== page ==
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Party boy meets Mormon missionary. What happens next overwhelms them both.
By Kevin Thomas, Times Staff Writer
C. Jay Cox's "Latter Days" is a love story involving two people from such radically different worlds that it is inevitable their lives will be turned upside-down, never to be the same. Yet Cox expresses a profound belief in the transforming power of love, no matter what the circumstances or the cost.
An assured first feature, "Latter Days" is already a controversial work even though it extols spirituality, charity and forgiveness. Not only is Cox an exceptional screenwriter but also an astute director, and his big-screen newcomers, Steve Sandvoss and Wes Ramsey, make impressions as strong as those of Jacqueline Bisset and Mary Kay Place.
One day a group of young men moves into a cottage in the court, and soon Christian is betting his co-workers that he will seduce Aaron (Sandvoss), one of his new neighbors. The confident Christian regards the fact that Aaron is a Mormon missionary as an amusing challenge.
In initial exchanges, Christian and Aaron, a classically wholesome boy next door, find that they both love movies — nothing surprisingly edgy. After Christian makes his move, Aaron is forced to admit he is secretly gay — but that does not mean he will just fall into Christian's arms.
Neither young man is at all prepared for the impact they have on each other. Christian may have confronted Aaron with his true sexual orientation, but Aaron in turn brings Christian face to face with the shallowness of his existence and the meaninglessness of the frequent sex that Christian treats as casually as a handshake. Still, the attraction between the two is mutual, triggering passion and emotion that will be increasingly hard to deny but — because of the Mormon view of homosexuality — could spell disaster.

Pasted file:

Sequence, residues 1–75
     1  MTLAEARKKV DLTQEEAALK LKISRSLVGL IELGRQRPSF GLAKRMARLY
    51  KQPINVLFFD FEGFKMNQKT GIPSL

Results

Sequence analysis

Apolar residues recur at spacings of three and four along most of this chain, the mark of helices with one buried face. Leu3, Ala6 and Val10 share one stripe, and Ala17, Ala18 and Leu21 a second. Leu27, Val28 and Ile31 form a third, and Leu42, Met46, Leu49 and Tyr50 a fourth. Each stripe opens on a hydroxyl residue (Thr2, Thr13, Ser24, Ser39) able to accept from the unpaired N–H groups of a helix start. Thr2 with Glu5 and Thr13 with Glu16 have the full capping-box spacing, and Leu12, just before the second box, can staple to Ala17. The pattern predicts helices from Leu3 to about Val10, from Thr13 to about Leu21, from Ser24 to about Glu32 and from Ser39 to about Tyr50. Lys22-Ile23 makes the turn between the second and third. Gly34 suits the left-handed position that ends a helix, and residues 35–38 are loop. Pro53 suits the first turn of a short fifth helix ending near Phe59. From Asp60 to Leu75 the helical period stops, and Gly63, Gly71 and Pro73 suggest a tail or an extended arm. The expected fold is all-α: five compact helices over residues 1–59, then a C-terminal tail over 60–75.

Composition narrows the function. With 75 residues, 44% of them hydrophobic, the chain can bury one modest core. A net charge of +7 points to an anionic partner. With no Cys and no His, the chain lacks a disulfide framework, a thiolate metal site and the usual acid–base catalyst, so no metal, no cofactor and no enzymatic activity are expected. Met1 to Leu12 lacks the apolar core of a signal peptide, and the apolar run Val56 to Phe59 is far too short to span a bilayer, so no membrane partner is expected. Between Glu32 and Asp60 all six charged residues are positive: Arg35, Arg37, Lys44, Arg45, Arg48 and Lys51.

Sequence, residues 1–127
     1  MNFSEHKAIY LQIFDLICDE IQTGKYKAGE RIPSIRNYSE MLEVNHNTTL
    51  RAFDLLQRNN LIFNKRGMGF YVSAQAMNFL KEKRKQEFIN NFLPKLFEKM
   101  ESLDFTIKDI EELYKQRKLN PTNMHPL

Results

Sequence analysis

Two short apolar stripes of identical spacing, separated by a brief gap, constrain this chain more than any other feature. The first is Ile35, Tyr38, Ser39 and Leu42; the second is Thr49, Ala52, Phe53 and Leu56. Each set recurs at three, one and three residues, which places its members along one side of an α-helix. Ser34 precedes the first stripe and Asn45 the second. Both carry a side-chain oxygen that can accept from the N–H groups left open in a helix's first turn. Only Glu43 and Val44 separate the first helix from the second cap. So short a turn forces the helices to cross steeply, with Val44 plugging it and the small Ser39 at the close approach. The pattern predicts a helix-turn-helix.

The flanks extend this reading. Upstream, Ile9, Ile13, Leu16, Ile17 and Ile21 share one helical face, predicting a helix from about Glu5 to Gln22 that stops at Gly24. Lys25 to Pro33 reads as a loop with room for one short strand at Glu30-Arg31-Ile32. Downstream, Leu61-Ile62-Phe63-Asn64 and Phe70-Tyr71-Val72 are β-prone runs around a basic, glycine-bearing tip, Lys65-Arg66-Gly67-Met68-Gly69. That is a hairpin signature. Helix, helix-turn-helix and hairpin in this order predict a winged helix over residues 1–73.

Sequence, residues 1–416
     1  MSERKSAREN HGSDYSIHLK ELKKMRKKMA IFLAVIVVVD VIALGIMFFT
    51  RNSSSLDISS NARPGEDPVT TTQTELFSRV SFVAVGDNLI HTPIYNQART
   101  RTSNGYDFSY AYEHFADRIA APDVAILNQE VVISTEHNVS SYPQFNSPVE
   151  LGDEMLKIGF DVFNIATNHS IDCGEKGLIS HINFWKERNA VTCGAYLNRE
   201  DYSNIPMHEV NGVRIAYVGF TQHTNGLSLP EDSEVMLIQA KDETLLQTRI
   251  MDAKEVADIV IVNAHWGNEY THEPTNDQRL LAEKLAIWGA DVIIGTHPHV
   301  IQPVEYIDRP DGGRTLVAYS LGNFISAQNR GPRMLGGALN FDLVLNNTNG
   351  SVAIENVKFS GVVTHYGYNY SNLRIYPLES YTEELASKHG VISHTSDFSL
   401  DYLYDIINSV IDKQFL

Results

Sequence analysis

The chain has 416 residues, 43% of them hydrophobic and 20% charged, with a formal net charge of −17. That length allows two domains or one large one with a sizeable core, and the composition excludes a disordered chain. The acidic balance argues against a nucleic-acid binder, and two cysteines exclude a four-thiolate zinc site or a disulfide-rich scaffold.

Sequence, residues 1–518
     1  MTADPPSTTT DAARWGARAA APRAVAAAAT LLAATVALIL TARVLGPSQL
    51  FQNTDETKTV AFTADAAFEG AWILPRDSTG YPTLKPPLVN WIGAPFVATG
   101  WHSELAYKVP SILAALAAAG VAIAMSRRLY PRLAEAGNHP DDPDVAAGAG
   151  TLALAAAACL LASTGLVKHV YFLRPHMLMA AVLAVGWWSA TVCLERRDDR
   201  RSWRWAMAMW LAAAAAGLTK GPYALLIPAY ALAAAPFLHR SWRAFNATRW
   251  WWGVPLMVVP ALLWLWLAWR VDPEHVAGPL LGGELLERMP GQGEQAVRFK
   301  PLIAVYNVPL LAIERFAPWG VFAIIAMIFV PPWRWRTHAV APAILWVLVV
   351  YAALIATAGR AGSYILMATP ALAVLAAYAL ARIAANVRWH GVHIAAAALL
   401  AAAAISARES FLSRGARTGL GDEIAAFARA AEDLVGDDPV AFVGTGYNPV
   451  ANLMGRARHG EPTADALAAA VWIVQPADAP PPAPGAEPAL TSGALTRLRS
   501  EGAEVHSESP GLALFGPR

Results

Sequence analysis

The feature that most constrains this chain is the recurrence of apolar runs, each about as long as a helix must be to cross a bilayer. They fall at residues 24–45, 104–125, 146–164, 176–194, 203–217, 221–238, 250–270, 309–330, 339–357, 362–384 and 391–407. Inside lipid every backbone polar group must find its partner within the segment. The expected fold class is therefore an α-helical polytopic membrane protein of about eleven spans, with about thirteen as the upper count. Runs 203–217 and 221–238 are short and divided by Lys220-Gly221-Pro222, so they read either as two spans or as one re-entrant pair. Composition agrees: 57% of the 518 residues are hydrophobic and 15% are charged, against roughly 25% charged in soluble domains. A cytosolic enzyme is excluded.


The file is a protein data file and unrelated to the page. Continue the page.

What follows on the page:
Depicting Mormon doctrine and practice as ignorant and destructive, Cox suggests that Aaron's deep spirituality and his sexual orientation need not be in conflict, while allowing Christian to discover a capacity for inner growth that it never occurred to him he possessed, let alone could nurture. Yet for the two to openly express their love could be dangerous. Cox, a gay ex-Mormon, must be credited with a compassion and detachment that not all filmmakers would be capable of mustering, yet his mature vision gives dimension to Aaron's parents. They are deeply religious, and his mother (Place, in one of her finest portrayals, which is saying a lot) finds herself incapable of forgiveness, while his father (Jim Ortlieb) is paralyzed with shame.
These two may judge severely, but Cox does not in turn judge them, understanding the power of revelation. There's more authenticity in the unraveling of Christian and Aaron's plight than some viewers may imagine.
At once romantic, earthy and socially critical, "Latter Days" is a dynamic film filled with humor and pathos. It is sometimes raunchy, sometimes overflowing with spiritual and emotional yearning, and often melodramatic. Yet in its impassioned, enlightened way it rings true to the workings of the human heart and some of life's harsher realities.
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